In this, the latest in a series of posts ahead of MIPTV 2018’s unprecedented focus on immersive content, we speak to Victor Agulhon, CEO at TARGO, a VR/AR Studio focused on immersive journalism, based in Paris.
MIPBlog: Could you please introduce yourself and tell us what brought you into the VR/AR/immersive space?
Victor Agulhon: I’m the co-founder of TARGO, an immersive journalism studio based in France. We create documentaries and reports using virtual and augmented reality for news media. We work with the New York Times, Al Jazeera, USA Today and France Télévisions on immersive journalism.
I’ve always been passionate about visual technologies and computer vision. There is something fascinating in being able to see technology in action. My first response when I tried virtual reality was to find a way to make these technologies actually useful and accessible to more people.
I turned to a good friend of mine who was a journalist at Mashable France and we started discussing the opportunities of this technology for journalism and media companies. And that’s the story of how we created TARGO, it’s our response to leveraging immersive technologies for journalism!
> What are the biggest challenges VR producers and content creators are currently facing?
First of all, VR is still a nascent industry and challenges around creation, distribution, monetisation and consumption are constantly being solved.
On the creators’ side, most of them have actually been addressed: creating a VR piece is now more about one’s storytelling abilities than technical capabilities. We have more room than ever to be creative in VR: software, cameras and tools have been adapting very quickly to our needs. From our perspective, the real bottleneck lies in how we can distribute our creations.
The biggest challenge today is about distribution channels and addressing a broad audience in virtual reality.
When you look at the market, there is still no VR device that is consumer-friendly. Most headsets still remain impractical, they need to be tethered to a computer or plugged to a phone. To me, it’s the most important condition to see a VR consumer market emerge: make VR headsets more user-friendly.
The great news is that it’s about to change. Most manufacturers have announced the next generation of headsets, autonomous and easy to use. If they actually meet the expectations, I think this is a game-changer. For the first time, VR will have a real consumer device that audiences will potentially use. This is why we are extremely enthusiastic about the next generation of VR headsets.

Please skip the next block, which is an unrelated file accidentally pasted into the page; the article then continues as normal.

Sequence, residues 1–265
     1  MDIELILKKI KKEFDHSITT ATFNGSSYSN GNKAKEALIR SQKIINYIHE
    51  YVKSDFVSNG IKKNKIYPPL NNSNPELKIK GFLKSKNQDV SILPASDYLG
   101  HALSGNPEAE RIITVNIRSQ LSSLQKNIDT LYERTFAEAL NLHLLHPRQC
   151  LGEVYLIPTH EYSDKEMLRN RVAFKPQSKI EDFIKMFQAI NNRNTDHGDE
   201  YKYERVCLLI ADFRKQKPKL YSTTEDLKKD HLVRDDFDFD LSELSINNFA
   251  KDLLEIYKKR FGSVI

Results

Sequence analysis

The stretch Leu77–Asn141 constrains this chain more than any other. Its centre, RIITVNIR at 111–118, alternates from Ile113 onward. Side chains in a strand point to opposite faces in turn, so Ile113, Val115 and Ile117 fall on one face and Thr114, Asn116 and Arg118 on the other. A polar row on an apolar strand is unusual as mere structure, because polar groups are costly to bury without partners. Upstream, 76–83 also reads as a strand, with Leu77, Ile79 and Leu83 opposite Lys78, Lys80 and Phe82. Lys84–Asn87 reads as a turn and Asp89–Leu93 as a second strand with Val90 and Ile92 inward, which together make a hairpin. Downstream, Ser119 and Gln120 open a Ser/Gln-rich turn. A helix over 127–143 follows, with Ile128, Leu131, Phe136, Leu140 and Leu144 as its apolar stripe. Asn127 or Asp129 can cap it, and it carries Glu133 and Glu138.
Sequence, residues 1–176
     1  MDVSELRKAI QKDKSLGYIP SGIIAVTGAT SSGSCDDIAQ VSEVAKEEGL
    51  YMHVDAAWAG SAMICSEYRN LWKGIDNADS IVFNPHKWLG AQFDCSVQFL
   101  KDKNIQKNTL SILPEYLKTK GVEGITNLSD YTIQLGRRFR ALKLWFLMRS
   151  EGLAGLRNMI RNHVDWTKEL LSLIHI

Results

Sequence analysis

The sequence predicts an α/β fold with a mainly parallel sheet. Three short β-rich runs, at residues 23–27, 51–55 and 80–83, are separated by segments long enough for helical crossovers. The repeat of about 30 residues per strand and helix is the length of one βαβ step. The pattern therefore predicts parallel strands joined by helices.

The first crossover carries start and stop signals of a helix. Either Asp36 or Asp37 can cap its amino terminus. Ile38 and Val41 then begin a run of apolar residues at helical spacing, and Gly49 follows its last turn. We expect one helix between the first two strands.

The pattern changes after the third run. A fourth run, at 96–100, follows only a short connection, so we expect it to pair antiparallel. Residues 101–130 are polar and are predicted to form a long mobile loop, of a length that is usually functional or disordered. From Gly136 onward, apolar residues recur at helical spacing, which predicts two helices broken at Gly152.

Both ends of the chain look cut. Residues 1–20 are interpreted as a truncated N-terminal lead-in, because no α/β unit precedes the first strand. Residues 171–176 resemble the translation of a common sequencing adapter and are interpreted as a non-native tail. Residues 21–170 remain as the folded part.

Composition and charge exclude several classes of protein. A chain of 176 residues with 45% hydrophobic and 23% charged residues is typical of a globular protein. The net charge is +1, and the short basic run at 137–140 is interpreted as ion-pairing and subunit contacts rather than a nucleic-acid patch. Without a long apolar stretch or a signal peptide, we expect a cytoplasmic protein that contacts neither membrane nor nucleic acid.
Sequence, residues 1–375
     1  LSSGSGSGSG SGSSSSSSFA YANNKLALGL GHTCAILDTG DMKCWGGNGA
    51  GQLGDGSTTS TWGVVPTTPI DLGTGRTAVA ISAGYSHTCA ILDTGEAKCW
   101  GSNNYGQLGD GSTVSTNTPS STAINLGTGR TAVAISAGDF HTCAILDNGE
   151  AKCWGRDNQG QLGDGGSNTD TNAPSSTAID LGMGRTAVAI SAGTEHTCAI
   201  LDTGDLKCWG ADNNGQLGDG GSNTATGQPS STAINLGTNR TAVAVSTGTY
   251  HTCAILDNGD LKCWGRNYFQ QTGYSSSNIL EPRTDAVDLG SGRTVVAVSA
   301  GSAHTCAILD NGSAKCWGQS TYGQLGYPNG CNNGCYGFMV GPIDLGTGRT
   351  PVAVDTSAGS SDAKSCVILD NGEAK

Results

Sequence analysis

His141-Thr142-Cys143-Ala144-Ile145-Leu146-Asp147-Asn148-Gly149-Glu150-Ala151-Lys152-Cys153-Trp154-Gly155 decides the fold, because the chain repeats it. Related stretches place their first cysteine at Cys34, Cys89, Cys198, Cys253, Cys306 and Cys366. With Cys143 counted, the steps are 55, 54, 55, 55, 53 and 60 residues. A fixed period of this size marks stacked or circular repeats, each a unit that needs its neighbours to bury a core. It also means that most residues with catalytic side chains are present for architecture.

Then, location-based VR (VR cinema, attractions, arcades…) are booming and it’s sending a very good signal to the industry: it shows that there is consumer interest in VR and that we find ways to make them access high quality content. Distribution of VR contents remains the main challenge and we’re hopeful about the industry solving it: arcades, consumer headsets, platforms are tackling this issue in very pragmatic ways.
> How easy or difficult is it currently to sell immersive content? Do VR/AR entertainment companies have dedicated buyers yet?
We have been selling immersive content for almost two years now and what we see is that it’s accelerating. Most of the media companies that were turning a blind eye to VR are now interested in developing editorial projects in virtual reality.
We are now beyond the it’s-too-early-for-us moment. We’re at a phase when companies, buyers and consumers are familiar with the technology. We do not have to sell the technology anymore, we can focus on our editorial expertise and storytelling approach. It makes a huge difference because the people we talk to want to use the medium for what it allows us to do, not just for the sake of innovation.
Then, how difficult it gets depends on the company we deal with. When we deal with USA Today and the New York Times, they have immersive departments focusing on these topics, they know how it works (the production costs, the workflow, the implementation….) so it tends to be easier than when we work with first-time buyers.
All in all, it’s only a matter of education about the technology and we constantly guide our clients on what we believe is relevant for them. It takes time but it’s we’re going in the right direction.
> Could you share some of the key learnings from your own VR projects?